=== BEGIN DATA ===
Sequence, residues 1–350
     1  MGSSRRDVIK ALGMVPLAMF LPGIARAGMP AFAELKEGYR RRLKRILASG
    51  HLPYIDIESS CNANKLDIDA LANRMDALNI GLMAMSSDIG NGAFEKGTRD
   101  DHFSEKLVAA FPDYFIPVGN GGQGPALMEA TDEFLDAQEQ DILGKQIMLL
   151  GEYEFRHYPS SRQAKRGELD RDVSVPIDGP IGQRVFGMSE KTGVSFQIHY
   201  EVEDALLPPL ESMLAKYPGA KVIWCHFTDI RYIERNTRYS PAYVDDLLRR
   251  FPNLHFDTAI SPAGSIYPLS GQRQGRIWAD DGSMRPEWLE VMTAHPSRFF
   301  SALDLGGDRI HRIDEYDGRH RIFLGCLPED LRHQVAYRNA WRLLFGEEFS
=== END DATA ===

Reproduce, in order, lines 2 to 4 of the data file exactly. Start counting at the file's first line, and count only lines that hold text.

     1  MGSSRRDVIK ALGMVPLAMF LPGIARAGMP AFAELKEGYR RRLKRILASG
    51  HLPYIDIESS CNANKLDIDA LANRMDALNI GLMAMSSDIG NGAFEKGTRD
   101  DHFSEKLVAA FPDYFIPVGN GGQGPALMEA TDEFLDAQEQ DILGKQIMLL